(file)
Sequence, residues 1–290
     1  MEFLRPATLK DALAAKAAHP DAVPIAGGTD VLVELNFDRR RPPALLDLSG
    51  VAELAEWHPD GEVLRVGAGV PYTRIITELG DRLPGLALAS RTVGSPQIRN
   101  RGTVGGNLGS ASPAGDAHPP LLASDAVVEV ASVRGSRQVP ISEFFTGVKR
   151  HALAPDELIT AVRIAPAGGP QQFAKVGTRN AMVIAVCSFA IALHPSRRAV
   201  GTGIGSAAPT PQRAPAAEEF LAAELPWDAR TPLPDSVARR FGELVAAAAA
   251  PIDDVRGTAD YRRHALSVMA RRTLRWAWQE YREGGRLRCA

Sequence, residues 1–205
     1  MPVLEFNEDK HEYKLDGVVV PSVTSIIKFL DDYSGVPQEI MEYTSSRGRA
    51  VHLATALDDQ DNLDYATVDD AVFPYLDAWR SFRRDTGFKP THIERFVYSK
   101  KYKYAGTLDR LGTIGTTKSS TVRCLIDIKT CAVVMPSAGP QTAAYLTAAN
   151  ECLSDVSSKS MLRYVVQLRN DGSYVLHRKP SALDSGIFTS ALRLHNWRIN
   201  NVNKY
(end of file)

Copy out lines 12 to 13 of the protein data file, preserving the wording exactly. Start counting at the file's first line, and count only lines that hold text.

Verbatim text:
   151  ECLSDVSSKS MLRYVVQLRN DGSYVLHRKP SALDSGIFTS ALRLHNWRIN
   201  NVNKY